Biomagnification plays an important role in polluted habitats: mining impacts on biodiversity, assuming that concentration levels are not high enough to directly kill exposed organisms, should be greater to the species on top of the food chain because of this phenomenon.
Adverse mining effects on biodiversity depend a great extent on the nature of the contaminant, the level of concentration at which it can be found in the environment, and the nature of the ecosystem itself. Some species are quite resistant to anthropogenic disturbances, while some others will completely disappear from the contaminated zone. Time alone does not seem to allow the habitat to recover completely from the contamination. Remediation practices take time, and in most cases will not enable the recovery of the original diversity present before the mining activity took place.
The mining industry can impact aquatic biodiversity through different ways. One way can be direct poisoning; a higher risk for this occurs when contaminants are mobile in the sediment or bioavailable in the water. Mine drainage can modify water pH, making it hard to differentiate direct impact on organisms from impacts caused by pH changes. Effects can nonetheless be observed and proven to be caused by pH modifications. Contaminants can also affect aquatic organisms through physical effects: streams with high concentrations of suspended sediment limit light, thus diminishing algae biomass. Metal oxide deposition can limit biomass by coating algae or their substrate, thereby preventing colonization.
Factors that impact communities in acid mine drainage sites vary temporarily and seasonally: temperature, rainfall, pH, salinisation and metal quantity all display variations on the long term, and can heavily affect communities. Changes in pH or temperature can affect metal solubility, and thereby the bioavailable quantity that directly impact organisms. Moreover, contamination persists over time: ninety years after a pyrite mine closure, water pH was still very low and microorganisms populations consisted mainly of acidophil bacteria.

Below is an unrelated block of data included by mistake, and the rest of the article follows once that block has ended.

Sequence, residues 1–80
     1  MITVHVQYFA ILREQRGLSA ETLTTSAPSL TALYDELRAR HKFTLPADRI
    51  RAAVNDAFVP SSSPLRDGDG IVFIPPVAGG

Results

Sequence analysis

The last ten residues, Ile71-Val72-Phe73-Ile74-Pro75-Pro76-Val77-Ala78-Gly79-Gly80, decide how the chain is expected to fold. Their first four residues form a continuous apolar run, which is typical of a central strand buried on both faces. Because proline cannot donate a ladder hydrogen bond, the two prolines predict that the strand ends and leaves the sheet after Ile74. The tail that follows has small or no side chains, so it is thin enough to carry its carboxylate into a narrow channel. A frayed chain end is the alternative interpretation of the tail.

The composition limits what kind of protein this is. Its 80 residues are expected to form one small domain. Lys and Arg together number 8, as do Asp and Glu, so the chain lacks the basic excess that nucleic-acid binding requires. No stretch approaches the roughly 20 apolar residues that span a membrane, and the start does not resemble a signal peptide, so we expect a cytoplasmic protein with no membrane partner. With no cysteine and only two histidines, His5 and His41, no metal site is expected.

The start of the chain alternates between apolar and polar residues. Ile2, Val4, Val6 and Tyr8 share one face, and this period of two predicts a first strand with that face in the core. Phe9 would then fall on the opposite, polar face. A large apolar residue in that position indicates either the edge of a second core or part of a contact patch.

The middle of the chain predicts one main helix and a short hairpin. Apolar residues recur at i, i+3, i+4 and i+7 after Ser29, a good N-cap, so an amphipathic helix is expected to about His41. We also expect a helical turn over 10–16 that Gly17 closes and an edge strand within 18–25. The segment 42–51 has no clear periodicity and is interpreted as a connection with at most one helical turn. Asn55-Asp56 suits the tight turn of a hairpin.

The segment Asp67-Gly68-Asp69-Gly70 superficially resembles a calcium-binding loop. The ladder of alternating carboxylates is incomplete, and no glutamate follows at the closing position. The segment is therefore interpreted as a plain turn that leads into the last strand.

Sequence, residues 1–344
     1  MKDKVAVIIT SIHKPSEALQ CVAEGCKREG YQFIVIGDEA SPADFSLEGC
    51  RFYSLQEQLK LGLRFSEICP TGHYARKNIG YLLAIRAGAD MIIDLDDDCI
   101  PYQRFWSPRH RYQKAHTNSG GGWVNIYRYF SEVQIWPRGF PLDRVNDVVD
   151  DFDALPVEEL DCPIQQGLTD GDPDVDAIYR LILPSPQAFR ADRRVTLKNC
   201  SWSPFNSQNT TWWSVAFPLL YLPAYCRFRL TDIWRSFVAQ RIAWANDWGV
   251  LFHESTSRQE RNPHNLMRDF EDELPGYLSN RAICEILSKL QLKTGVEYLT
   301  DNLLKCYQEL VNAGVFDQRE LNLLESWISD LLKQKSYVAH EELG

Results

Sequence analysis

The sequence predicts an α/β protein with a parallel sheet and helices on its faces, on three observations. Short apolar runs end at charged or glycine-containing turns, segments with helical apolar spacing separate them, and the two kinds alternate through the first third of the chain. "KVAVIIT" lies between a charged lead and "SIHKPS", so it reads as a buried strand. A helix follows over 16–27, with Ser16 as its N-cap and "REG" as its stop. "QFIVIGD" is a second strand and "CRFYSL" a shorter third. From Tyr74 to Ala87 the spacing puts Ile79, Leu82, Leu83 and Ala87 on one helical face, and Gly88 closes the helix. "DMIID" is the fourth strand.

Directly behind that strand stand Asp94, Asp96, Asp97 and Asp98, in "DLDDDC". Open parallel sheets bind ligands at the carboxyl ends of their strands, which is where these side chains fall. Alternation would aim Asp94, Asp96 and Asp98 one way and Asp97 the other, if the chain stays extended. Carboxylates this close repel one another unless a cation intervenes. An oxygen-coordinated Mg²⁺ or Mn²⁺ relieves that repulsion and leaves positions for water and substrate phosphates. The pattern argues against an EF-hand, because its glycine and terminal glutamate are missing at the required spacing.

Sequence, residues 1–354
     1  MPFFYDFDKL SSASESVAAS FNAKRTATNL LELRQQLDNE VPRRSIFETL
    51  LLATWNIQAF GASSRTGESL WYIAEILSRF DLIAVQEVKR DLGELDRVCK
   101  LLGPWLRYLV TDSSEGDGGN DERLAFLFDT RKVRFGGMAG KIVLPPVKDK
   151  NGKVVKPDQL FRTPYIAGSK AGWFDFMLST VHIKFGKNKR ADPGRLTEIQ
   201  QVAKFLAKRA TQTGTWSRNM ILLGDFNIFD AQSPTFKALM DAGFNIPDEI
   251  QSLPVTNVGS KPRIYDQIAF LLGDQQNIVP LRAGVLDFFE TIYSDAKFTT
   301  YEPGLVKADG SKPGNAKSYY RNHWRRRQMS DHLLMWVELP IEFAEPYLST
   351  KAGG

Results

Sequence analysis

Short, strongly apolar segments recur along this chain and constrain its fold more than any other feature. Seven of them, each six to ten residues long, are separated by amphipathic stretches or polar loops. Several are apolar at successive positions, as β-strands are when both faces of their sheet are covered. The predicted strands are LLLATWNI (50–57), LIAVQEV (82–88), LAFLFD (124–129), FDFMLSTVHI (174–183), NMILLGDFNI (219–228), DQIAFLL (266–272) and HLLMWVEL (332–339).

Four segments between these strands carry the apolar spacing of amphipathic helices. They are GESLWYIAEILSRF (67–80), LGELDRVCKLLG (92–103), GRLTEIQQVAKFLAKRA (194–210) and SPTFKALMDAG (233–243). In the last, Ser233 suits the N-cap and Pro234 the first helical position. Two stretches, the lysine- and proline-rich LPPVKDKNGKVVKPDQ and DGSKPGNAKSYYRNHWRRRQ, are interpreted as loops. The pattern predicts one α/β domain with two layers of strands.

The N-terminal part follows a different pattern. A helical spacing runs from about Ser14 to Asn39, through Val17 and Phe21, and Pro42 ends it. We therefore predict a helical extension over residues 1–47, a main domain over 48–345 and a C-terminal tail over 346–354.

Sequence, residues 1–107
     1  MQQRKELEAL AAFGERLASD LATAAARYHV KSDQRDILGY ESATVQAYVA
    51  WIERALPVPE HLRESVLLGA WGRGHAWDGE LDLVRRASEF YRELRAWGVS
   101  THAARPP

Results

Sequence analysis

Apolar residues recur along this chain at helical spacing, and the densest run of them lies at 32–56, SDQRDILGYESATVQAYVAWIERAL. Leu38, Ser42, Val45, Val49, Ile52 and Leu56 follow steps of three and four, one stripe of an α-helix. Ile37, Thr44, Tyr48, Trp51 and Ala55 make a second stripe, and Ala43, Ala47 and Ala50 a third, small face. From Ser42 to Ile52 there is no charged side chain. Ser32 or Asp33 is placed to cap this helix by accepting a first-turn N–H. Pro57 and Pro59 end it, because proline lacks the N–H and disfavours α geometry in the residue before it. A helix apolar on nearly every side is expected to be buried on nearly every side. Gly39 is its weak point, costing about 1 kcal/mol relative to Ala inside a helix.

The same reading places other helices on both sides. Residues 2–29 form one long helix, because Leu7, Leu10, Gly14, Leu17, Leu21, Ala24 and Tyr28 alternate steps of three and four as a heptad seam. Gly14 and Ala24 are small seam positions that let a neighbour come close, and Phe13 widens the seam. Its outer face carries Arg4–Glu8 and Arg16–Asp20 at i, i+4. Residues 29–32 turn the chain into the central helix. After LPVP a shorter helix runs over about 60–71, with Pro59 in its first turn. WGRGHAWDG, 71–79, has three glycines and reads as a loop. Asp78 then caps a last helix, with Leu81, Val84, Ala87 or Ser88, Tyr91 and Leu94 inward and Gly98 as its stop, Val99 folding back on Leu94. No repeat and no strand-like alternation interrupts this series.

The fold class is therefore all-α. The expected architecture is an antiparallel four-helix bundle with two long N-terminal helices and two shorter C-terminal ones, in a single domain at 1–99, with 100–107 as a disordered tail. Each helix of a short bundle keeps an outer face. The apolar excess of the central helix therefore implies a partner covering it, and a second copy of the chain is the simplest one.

Algae communities are less diverse in acidic water containing high zinc concentration, and mine drainage stress decrease their primary production. Diatoms' community is greatly modified by any chemical change, pH phytoplankton assemblage, and high metal concentration diminishes the abundance of planktonic species. Some diatom species may grow in high-metal-concentration sediments. In sediments close to the surface, cysts suffer from corrosion and heavy coating. In very polluted conditions, total algae biomass is quite low, and the planktonic diatom community is missing. In case of functional complementary, however, it is possible that the phytoplankton and zooplankton mass remains stable.
Water insect and crustacean communities are modified around a mine, resulting in a low trophic completeness and their community being dominated by predators. However, biodiversity of macroinvertebrates can remain high, if sensitive species are replaced with tolerant ones. When diversity within the area is reduced, there is sometimes no effect of stream contamination on abundance or biomass, suggesting that tolerant species fulfilling the same function take the place of sensible species in polluted sites. pH diminution in addition to elevated metal concentration can also have adverse effects on macroinvertebrates' behaviour, showing that direct toxicity is not the only issue. Fish can also be affected by pH, temperature variations, and chemical concentrations.
Soil texture and water content can be greatly modified in disturbed sites, leading to plants community changes in the area. Most of the plants have a low concentration tolerance for metals in the soil, but sensitivity differs among species. Grass diversity and total coverage is less affected by high contaminant concentration than forbs and shrubs. Mine waste-materials rejects or traces due to mining activity can be found in the vicinity of the mine, sometimes far away from the source. Established plants cannot move away from perturbations, and will eventually die if their habitat is contaminated by heavy metals or metalloids at a concentration that is too elevated for their physiology. Some species are more resistant and will survive these levels, and some non-native species that can tolerate these concentrations in the soil, will migrate in the surrounding lands of the mine to occupy the ecological niche.